Dear Alison: Over the years, my husband and I have helped out my sister out quite a bit, financially. She is always in trouble. We have provided a loan for down payment on a house, helped to pay for her kid’s education, bought her a car, and have given her money as gifts. I feel grateful that we are financially secure and we can do this, but now our relationship with my sister completely gone downhill The problem is her 20 year old gay son, who has a boyfriend nearly 20 years older than he is. My husband doesn’t like gay people or the gay lifestyle. He says he’s ok with it, but really, he isn’t. He’ll allow my nephew into our home,but he refuses to let him visit with his older lover. He says that their relationship is “sick” and that he is grossed out by their age difference. My sister loves her son and accepts his choices, and she was offended. Now she refuses to visit our home. I am extremely sad that my relationship with my sister is so bad, but I also realize I’m probably not going to ever change my husband’s point of view, and I love him despite our differences. So I don’t know how to make things better. Your thoughts on this situation?
Answer: It’s laudable that you and your husband have helped out your sister, but giving her money doesn’t mean she has to love your husband, or even, you. In fact, there is probably resentment on your sister’s part for having to accept charity from a man whose views she doesn’t like.
It is great that your sister loves and respects her son and accepts both his lifestyle and his relationship. That’s the way it should be. And it’s great that you can do the same. But your husband sees things differently. He says he can accept your “gay” nephew but not the gay partner. This is not genuine acceptance. So I am wondering what issue bothers him the most. Is it that your nephew is gay? Or is it that he has an older boyfriend? Or something else entirely? Why would your nephew’s relationship bother him so much when it is not his business? If the lover was an older woman, would he still be so upset and refuse to allow her in your home? Perhaps (and this is more significant), your husband has a slight fear that the gay partner, closer to his own age, might “hit” on him. To a homophobic man, the mere thought might be unsettling enough.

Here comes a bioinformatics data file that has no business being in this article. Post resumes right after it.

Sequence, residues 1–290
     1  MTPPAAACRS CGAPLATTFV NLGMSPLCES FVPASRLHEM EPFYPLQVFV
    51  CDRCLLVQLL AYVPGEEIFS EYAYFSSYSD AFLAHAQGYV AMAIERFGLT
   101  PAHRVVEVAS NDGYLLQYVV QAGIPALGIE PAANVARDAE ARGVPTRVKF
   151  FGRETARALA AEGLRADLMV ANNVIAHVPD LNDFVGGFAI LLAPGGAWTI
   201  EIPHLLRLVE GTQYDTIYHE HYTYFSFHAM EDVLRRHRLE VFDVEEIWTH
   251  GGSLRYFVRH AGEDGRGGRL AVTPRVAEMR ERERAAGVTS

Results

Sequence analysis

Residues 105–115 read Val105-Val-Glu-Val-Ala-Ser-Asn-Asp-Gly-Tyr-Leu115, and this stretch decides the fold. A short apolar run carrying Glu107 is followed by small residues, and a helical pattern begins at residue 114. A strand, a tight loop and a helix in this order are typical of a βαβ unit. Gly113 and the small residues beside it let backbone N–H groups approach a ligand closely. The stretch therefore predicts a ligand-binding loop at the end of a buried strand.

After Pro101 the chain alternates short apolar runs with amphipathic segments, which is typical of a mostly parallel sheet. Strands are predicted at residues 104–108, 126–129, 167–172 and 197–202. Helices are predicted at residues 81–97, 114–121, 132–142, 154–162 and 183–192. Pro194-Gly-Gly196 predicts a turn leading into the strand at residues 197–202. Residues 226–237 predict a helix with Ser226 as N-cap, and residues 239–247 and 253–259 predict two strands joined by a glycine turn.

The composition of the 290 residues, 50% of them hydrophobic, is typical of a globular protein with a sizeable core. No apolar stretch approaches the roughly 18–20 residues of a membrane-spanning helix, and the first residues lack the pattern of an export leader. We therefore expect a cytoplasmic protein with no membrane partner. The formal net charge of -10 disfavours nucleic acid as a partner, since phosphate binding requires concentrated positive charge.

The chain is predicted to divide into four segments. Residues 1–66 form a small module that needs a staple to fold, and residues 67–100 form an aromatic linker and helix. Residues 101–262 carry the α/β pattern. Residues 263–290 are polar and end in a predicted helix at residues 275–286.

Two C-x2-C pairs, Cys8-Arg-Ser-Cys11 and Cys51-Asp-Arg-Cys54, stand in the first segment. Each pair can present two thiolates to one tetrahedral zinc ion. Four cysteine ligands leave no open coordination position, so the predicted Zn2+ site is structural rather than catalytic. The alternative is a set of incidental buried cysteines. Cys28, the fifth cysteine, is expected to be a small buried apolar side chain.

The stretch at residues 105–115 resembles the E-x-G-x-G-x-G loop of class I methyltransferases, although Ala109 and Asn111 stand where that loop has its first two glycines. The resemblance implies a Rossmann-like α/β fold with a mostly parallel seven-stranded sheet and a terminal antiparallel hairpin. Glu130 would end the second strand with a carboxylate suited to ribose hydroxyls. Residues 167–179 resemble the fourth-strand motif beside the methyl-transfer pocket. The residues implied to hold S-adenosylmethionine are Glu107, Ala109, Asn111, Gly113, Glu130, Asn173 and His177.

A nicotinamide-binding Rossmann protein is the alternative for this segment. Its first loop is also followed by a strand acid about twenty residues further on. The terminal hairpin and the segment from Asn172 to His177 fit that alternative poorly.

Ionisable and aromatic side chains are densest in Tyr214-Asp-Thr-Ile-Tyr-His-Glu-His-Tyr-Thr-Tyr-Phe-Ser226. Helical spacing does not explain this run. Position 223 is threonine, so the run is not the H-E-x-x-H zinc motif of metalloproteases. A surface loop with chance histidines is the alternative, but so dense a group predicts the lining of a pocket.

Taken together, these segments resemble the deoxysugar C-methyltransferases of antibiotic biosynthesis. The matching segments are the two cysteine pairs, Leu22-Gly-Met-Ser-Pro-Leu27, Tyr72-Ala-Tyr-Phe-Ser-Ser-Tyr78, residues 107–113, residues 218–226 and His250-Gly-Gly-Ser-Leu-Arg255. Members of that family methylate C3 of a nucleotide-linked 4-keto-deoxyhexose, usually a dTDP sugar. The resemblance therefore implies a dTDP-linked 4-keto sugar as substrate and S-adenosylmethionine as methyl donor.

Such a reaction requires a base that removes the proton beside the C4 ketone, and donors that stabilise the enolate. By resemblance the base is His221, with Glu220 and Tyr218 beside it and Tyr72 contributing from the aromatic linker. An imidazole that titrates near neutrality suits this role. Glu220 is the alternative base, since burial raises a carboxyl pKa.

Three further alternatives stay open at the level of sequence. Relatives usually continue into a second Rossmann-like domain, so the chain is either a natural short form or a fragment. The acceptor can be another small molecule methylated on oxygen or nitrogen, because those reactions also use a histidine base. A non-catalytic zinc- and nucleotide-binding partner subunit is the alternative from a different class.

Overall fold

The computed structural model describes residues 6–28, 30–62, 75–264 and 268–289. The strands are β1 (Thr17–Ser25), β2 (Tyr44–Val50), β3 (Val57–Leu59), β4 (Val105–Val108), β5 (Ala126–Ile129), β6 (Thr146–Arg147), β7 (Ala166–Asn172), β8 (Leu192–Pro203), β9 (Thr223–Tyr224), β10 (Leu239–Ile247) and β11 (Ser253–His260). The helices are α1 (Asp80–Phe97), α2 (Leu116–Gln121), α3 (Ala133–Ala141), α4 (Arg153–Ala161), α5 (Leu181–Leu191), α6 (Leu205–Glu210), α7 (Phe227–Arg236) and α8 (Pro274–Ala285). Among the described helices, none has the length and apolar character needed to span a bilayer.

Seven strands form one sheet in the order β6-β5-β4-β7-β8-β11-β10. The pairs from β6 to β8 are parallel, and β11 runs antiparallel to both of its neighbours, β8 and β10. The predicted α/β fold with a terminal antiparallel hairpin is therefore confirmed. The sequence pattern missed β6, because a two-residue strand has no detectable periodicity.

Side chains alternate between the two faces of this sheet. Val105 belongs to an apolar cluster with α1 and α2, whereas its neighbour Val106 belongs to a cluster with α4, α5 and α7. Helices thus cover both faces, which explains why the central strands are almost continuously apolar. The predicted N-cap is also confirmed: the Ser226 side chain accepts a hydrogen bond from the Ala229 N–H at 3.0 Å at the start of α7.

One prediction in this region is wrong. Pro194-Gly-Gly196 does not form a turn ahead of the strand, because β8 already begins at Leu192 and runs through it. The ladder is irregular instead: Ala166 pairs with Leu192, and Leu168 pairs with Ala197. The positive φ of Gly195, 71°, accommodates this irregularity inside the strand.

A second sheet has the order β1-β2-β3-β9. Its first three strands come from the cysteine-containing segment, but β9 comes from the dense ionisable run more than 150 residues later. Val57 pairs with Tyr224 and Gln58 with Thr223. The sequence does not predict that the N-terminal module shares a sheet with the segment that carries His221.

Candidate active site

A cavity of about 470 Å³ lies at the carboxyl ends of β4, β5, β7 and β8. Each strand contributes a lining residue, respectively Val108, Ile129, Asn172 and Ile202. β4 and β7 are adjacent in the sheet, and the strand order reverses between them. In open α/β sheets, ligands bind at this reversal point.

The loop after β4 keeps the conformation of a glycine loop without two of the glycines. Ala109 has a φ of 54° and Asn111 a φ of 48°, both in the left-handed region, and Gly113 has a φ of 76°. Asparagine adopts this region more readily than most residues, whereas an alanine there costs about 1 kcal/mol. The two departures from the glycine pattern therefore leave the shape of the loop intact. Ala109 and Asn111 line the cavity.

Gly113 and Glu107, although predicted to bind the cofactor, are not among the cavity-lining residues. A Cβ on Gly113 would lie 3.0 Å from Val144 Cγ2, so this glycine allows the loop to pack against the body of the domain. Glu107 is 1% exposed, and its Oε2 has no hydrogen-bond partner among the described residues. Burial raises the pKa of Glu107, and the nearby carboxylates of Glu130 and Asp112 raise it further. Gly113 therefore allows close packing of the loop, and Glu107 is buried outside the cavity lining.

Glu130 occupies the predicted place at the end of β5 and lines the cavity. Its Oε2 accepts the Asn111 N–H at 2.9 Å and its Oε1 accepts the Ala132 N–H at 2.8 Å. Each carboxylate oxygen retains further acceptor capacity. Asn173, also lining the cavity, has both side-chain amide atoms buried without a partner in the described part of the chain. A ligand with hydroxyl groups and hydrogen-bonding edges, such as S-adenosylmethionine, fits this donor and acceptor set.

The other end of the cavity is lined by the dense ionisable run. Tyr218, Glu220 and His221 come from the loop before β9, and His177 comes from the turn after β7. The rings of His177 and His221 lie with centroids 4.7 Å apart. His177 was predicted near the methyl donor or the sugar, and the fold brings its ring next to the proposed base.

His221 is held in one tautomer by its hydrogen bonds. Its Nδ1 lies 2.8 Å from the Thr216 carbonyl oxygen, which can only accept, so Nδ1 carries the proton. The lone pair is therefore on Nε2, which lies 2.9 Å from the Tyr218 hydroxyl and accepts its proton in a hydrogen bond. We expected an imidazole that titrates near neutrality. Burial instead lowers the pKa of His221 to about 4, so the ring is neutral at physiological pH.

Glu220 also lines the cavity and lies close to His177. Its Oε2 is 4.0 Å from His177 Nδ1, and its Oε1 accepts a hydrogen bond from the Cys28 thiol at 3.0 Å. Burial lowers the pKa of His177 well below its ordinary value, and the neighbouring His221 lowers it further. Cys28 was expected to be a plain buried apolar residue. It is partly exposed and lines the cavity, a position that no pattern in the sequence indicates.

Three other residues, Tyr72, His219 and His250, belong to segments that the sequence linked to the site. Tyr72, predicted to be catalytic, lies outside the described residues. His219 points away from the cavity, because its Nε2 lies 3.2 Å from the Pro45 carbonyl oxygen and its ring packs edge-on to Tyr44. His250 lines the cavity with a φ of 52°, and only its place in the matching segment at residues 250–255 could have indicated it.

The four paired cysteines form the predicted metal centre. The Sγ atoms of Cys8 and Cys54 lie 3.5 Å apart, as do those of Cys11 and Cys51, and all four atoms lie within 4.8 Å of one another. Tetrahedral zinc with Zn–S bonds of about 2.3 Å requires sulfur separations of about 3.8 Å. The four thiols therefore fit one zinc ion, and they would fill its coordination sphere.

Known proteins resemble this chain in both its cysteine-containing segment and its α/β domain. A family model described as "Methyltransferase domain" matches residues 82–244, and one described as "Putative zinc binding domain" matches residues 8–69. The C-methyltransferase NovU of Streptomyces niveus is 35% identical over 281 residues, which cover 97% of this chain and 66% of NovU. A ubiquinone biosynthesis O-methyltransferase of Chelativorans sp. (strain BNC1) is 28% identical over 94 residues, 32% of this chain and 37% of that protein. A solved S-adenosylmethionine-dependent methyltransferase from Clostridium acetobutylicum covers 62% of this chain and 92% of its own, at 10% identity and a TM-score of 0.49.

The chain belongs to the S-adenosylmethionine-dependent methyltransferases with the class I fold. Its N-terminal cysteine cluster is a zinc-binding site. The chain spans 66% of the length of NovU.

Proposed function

Couples don’t always share exactly the same values, and you can’t expect to convince someone to be a mirror image of yourself. For a relationship to survive, there has to be respect for differing opinions. You don’t have to agree with your husband’s views and you can certainly try to help him see things differently, but only he can change his mind. This is something your sister ought to know as well. You should also try to get your sister to see your husband’s good qualities — the ones which drew you to him in the first place. And you can both encourage him to soften his stance on the situation. However, if he doesn’t change, you will still all have to find a way to get along. It’s in everyone’s best interests.
On the other side, your husband might be able to make some compromises for the sake of family harmony. Perhaps it is the sense of “home turf” that upsets him. Would he feel more comfortable socializing with your nephew and his boyfriend in a larger gathering of people, or perhaps in neutral places, such as at a restaurant? Remind him that marriage is about compromise…you both have to make it!.
Finally, consider other ways to help your sister other than paying for her needs. Give her a hand UP instead of a hand-out by offering to pay for classes or job training, instead of keeping her captive by doling out money. This only makes your sisters helpless and subservient.
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